The course aims to promote the students’ linguistic and communicative competence, with the objective of reaching the B2 level of the Common European Framework of Reference for Languages (C.E.F.R.; http://www.coe.int/t/dg4/linguistic/source/framework_en.pdf). Throughout the course, students will familiarise themselves with different uses and varieties of the English language, will be instructed on how to analyse both spoken and written texts, and will enhance their translational skills.
The course consists of 36 hours of lessons, is held in English and is complemented by the language practice classes taught by the C.E.L. staff (Collaboratori ed Esperti Linguistici). Attendance is not compulsory but strongly recommended.
The course is made up of two parts:
-The first part will focus on the linguistic analysis of different uses and varieties of the English language. Special attention will be devoted to the main differences between spoken and written English. The distinctive features of spoken and written English will be highlighted through the examination of texts belonging to different registers, genres and styles (e.g. newspaper articles, extracts from conversations, etc.). This will make it possible to further develop fundamental notions and concepts introduced in the first year such as those of phrases and clauses. The course will also deal with regional and social varieties of the English language as well as with pragmatic issues concerning the use of English in context.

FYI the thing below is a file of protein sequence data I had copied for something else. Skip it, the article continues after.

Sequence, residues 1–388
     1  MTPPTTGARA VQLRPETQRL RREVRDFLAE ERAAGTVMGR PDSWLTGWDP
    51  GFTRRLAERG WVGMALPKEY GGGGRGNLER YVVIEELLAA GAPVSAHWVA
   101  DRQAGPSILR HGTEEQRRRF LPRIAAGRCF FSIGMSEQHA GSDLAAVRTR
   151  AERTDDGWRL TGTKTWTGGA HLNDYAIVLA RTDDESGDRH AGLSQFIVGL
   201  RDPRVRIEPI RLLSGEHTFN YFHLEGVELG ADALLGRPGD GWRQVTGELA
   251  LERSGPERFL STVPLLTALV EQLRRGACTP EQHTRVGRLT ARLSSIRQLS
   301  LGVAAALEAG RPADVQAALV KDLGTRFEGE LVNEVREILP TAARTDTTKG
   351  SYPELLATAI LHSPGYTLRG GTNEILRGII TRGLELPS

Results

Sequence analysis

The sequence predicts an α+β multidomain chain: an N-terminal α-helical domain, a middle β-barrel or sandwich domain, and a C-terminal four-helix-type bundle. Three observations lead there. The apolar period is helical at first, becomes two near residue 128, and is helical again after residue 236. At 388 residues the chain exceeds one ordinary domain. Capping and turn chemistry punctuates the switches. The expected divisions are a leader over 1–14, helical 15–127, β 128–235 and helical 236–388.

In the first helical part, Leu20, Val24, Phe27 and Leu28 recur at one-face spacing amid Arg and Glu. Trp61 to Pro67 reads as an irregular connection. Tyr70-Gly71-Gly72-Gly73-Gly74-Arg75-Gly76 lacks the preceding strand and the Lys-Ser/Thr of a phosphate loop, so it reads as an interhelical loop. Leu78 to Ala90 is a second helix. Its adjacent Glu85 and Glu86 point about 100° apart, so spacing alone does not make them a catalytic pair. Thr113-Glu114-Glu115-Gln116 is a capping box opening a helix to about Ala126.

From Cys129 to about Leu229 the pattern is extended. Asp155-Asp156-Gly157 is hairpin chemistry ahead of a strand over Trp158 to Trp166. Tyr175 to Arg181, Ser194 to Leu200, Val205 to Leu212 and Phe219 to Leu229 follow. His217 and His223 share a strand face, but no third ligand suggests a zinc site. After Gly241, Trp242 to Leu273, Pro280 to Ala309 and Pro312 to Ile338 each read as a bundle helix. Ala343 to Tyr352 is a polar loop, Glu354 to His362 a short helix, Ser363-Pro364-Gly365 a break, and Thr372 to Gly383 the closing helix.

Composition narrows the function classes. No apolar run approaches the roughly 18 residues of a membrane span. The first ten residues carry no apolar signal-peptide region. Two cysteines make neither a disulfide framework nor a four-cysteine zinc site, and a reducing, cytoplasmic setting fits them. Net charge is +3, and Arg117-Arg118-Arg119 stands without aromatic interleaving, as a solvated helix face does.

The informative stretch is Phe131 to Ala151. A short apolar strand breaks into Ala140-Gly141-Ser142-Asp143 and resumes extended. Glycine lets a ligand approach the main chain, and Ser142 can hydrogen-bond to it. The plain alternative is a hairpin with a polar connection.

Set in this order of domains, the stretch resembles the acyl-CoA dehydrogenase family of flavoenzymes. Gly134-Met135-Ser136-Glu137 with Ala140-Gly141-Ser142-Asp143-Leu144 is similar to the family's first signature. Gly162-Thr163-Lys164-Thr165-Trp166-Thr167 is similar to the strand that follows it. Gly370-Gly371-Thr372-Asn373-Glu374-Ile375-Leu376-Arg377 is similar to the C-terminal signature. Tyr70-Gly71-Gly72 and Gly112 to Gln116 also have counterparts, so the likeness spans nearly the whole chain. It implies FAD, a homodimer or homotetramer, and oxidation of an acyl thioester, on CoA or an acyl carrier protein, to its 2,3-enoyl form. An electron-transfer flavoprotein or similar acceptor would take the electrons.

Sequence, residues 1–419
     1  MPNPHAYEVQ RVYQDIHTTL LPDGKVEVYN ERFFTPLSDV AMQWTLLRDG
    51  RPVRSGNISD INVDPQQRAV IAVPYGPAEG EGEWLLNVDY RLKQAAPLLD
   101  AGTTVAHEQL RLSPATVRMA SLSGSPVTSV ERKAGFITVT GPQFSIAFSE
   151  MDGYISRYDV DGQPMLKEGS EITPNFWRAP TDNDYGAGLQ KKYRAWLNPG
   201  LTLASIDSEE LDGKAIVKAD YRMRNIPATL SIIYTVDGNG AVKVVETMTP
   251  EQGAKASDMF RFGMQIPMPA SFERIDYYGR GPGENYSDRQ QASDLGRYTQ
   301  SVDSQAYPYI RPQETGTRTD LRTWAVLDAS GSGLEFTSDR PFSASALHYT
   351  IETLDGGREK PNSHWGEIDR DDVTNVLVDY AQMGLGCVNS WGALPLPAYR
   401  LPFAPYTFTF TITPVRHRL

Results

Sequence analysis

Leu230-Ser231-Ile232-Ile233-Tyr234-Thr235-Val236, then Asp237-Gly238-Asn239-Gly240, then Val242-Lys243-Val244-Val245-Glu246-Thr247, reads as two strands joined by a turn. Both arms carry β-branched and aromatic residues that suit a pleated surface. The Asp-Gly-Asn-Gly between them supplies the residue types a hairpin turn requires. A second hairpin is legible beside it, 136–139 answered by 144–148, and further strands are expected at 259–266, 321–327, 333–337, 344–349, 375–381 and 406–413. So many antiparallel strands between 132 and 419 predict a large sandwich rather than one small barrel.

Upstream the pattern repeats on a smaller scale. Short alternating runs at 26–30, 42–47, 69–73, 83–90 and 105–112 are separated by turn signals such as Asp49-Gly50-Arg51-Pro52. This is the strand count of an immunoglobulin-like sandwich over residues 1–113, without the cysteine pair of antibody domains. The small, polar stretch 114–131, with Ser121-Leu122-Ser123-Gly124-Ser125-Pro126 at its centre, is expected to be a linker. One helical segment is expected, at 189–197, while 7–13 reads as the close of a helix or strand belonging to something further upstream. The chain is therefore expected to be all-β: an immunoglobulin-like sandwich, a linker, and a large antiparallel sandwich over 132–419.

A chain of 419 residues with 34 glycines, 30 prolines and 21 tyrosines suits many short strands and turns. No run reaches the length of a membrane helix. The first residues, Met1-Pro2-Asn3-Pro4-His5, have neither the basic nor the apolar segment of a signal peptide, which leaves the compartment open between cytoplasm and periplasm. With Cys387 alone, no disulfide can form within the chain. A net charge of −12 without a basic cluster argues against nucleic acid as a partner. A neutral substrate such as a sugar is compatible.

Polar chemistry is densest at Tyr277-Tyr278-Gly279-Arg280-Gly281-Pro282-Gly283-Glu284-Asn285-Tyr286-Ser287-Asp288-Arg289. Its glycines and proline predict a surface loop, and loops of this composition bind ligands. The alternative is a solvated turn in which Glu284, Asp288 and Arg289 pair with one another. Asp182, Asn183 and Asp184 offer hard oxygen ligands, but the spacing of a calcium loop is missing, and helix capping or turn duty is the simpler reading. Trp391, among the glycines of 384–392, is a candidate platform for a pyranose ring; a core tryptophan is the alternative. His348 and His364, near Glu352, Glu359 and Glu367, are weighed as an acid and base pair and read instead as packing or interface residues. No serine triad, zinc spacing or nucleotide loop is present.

-The second part will focus on translation theory and practice, also with the objective of fostering the students’ awareness of cross-linguistic differences between English and Italian.
The course is complemented by the language practice classes taught by the C.E.L. staff (Collaboratori ed Esperti Linguistici).
Uses and varieties of English
Culpeper, Jonathan et al. (eds). 2009. English Language. Description, Variation and Context. Basingstoke: Palgrave Macmillan. Chapters:
-9, Text linguistics
-18, Regional variation in English accents and dialects
-19, Language and social class
-23, Speech, writing and discourse type
-24, Language in newspapers
-25, Language in advertisements
-26, Language in literature: stylistics
Biber, Douglas and Conrad, Susan. 2009. Register, Genre, and Style. Cambridge: Cambridge University Press. Chapters:
-1, Registers, genres, and styles: fundamental varieties of language
-4, Interpersonal spoken registers
-5, Written registers, genres, and styles
Hatim, Basil and Munday, Jeremy. 2004. Translation. An Advanced Resource Book. London/New York: Routledge. Units (taken from Section A):
-1, What is translation?
-2, Translation strategies
-3, The unit of translation
-4, Translation shifts
-5, The analysis of meaning
-6, Dynamic equivalence and the receptor of the message
-7, Textual pragmatics and equivalence
-8, Translation and relevance
-9, Text type in translation
-10, Text register in translation
-Collins Cobuild Dictionary for Advanced Learners, London, Collins, latest edition (together with How to use the Dictionary, London, Collins ELT);
-Longman Dictionary of Contemporary English (with cd-rom), London, Longman, latest edition;
-Oxford Advanced Learner’s Dictionary, Oxford, Oxford University Press, latest edition;
-Cambridge Advanced Learner’s Dictionary (with cd-rom), Cambridge, Cambridge University Press, latest edition;
-MacMillan English Dictionary, New Edition, Oxford, MacMillan;
-Ragazzini, Dizionario Inglese-Italiano, Italiano-Inglese, Zanichelli, latest edition.
Please remember that in compliance with art 171 L22.04.1941, n. 633 and its amendments, it is illegal to copy entire books or journals, only 15% of their content can be copied.
For further information on sanctions and regulations concerning photocopying please refer to the regulations on copyright (Linee Guida sulla Gestione dei Diritti d’Autore) provided by AIDRO - Associazione Italiana per i Diritti di Riproduzione delle Opere dell’Ingegno (the Italian Association on Copyright).
All the books listed in the syllabus can be consulted in the Library.